Lena Dunham, creator/star of hit HBO television series Girls and co-founder of weekly feminist newsletter Lenny Letter, recently recommended Diana Athill’s A Florence Diary, calling Athill “the ideal writer to show us what survival looks like.”
“Diana Athill’s A Florence Diary is a deceptively sweet and slim book. What could be a casual tour of Italy describing its spoils is actually a meditation on female friendship, war and the rebuilding of the self. It’s the ideal book for this moment in time, and she’s the ideal writer to show us what survival looks like.”
A Florence Diary, written by Diana Athill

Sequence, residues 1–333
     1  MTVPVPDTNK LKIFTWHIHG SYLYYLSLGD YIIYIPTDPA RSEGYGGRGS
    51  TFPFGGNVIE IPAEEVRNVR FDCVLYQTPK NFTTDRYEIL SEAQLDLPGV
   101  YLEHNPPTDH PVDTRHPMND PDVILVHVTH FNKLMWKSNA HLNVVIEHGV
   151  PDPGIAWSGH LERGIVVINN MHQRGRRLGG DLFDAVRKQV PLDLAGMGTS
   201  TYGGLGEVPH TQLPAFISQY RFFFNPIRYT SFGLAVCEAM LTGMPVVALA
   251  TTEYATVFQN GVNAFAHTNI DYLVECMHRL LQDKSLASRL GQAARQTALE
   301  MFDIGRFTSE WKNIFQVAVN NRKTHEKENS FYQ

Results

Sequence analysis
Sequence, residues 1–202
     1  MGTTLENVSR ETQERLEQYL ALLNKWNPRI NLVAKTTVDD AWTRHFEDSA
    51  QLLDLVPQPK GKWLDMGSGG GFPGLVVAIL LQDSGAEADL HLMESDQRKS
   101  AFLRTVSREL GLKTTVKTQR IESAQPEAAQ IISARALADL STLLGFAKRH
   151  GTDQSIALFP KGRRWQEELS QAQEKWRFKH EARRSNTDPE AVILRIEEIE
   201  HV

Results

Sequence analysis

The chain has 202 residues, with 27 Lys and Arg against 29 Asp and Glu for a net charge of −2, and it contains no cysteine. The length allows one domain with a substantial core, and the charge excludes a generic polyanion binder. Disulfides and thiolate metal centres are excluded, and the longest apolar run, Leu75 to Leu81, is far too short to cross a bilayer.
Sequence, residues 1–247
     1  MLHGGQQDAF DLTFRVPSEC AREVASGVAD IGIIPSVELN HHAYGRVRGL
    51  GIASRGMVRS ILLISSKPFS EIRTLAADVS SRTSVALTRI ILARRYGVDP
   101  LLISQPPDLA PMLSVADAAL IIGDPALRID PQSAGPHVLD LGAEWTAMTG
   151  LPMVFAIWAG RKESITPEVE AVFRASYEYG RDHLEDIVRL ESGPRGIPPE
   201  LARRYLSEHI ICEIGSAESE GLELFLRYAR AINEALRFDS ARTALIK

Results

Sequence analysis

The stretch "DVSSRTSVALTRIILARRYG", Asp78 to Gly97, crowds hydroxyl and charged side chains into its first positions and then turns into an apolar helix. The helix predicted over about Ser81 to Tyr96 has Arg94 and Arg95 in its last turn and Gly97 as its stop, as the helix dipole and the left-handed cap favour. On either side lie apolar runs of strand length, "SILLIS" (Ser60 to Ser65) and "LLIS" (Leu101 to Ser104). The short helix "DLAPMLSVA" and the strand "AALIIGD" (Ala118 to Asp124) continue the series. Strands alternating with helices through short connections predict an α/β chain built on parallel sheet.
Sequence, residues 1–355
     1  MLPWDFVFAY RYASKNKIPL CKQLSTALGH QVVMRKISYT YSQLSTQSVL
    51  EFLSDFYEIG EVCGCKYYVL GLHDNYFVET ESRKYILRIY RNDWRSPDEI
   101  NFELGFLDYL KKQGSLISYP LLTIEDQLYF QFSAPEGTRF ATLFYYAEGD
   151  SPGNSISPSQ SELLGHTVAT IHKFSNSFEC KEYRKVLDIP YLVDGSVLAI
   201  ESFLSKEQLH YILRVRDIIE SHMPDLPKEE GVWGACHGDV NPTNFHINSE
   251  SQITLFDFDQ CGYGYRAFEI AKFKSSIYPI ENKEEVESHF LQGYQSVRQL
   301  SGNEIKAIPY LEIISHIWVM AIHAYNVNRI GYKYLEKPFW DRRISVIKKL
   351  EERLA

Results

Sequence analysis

In August 1947, Diana Athill travelled to Florence by the Golden Arrow train for a two-week holiday with her cousin Pen. In this playful diary of that trip, delightfully illustrated with photographs of the period, Athill recorded her observations and adventures — eating with (and paid for by) the hopeful men they meet on their travels, admiring architectural sights, sampling delicious pastries, eking out their budget, and getting into scrapes.
Written with an arresting immediacy and infused with an exhilarating joie de vivre, A Florence Diary is a bright, colourful evocation of a time long lost and a vibrant portrait of a city that will be deliciously familiar to any contemporary traveller.